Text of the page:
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#133 Design of Blanking Dies (6) Design of Punch Plates

Category : Shear Forming
August 3, 2012

The designing of a punch was described in CourseNo. 129. At that time, it was explained that when the punch becomes small it becomes difficult to hold it independently, and that therefore the method is used of fixing it by embedding it in a plate. This plate that holds the punch is called a punch plate. Fig. 1 shows a typical construction of a fixed stripper type structure using a punch plate.

Fig. 1

In the fixed stripper structure, the position and the verticality of the punch is provided by the punch plate. In this method, the punch is lightly press-fitted into a hole in the punch plate. Light press-fitting is driving the punch inside the hole by hitting it lightly. Hard press-fitting is not desirable because it causes the punch plate to get warped or deformed. It is also necessary to consider preventing the punch from coming out the hole and dropping off (punch retainer). The details of this in terms of the relationship between the shape of the punch and the punch retainer are shown in Fig. 2.


The method (a) is an example of punches with simple shapes such as round and square. Such punches are very often prevented from falling off by providing a flange in the punch as a punch retainer.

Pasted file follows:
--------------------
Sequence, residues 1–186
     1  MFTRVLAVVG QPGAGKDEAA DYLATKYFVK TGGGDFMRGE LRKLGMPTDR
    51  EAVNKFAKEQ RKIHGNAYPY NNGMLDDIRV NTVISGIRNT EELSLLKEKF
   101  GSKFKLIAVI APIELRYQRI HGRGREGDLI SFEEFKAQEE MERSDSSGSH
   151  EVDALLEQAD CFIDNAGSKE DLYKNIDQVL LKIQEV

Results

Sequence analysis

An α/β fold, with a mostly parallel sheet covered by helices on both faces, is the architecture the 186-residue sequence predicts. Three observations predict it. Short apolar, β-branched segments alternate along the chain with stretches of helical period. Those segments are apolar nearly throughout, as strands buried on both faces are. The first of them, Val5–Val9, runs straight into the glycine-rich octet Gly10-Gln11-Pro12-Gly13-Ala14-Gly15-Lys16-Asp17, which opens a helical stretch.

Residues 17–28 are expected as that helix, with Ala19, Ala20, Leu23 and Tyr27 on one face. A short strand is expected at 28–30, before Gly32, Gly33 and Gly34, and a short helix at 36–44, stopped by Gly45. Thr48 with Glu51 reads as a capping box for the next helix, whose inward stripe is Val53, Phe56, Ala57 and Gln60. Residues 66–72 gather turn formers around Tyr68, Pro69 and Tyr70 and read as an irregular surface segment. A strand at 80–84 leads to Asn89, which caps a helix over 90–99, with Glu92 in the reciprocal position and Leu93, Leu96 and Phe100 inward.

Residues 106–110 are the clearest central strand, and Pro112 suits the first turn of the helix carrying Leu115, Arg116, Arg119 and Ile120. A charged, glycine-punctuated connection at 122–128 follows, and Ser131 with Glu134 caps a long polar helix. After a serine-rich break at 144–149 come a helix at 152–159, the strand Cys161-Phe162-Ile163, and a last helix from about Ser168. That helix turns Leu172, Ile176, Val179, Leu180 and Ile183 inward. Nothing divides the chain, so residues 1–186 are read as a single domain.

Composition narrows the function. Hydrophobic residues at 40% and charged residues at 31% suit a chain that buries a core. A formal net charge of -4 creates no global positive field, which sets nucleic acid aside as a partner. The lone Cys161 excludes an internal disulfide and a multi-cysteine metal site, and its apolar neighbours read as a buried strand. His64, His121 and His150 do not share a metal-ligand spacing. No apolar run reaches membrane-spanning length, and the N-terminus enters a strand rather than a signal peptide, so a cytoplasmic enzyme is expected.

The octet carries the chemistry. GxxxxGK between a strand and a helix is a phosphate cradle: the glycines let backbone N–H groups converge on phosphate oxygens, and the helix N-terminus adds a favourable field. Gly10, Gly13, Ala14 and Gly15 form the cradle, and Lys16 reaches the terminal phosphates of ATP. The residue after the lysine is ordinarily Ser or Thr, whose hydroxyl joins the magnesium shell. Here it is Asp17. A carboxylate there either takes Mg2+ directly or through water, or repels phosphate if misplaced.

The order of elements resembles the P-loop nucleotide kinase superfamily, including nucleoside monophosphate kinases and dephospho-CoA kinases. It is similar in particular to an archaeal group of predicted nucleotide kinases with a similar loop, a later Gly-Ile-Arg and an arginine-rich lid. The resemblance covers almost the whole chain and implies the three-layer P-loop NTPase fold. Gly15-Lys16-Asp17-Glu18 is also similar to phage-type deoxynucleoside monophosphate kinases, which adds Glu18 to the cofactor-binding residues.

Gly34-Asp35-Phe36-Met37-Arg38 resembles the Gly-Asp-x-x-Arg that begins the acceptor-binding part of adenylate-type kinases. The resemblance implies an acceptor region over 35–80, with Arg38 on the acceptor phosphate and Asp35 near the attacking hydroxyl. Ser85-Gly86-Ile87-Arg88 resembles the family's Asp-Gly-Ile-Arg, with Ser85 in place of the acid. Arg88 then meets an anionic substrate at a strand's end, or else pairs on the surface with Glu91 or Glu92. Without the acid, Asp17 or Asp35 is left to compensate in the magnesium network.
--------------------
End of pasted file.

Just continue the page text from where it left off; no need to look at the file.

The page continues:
The method (b) is an example of an odd-shaped punch which is formed by electrical discharge wire-cut machining. Threads are cut in the punch and the punch is fixed to the punch plate (backing plate) using a bolt so that the punch is retained.
The method (c) is an example in which the cross-sectional area of the punch is relatively large. When the cross-sectional area of the punch becomes large, the backing plate is eliminated, and the punch is directly fixed to the punch holder. A method of fixing by bolts is shown here for retaining the punch. See the changes in the shank by comparing the figures (b) and (c). This example is shown here as one in which the method of attaching one component also affects other components and changes them.

Fig. 3 is an example of designing the hole in a punch plate.


Figure (a) shows an example of a hole for a square shaped shank. The corner parts become problems in the case of a square shape. Although very often the corners get stuck and the punch does not enter the hole, sometimes due to unawareness of it, the plane surface part is widened thereby ruining the punch plate. In order to prevent this, this is an example in which the corner part is let out thereby making the assembling work easy. The part shown in (a) indicates that, when letting a corner out at a circular arc part, it is good to shift the center of the circular arc towards the inside.
Figure (b) is a technique used when driving an odd shaped punch in a hole. There is no need to match the shape of the hole exactly with the shape of the shank, but it is good to design the hole with a simple shape while taking care only about the key parts.

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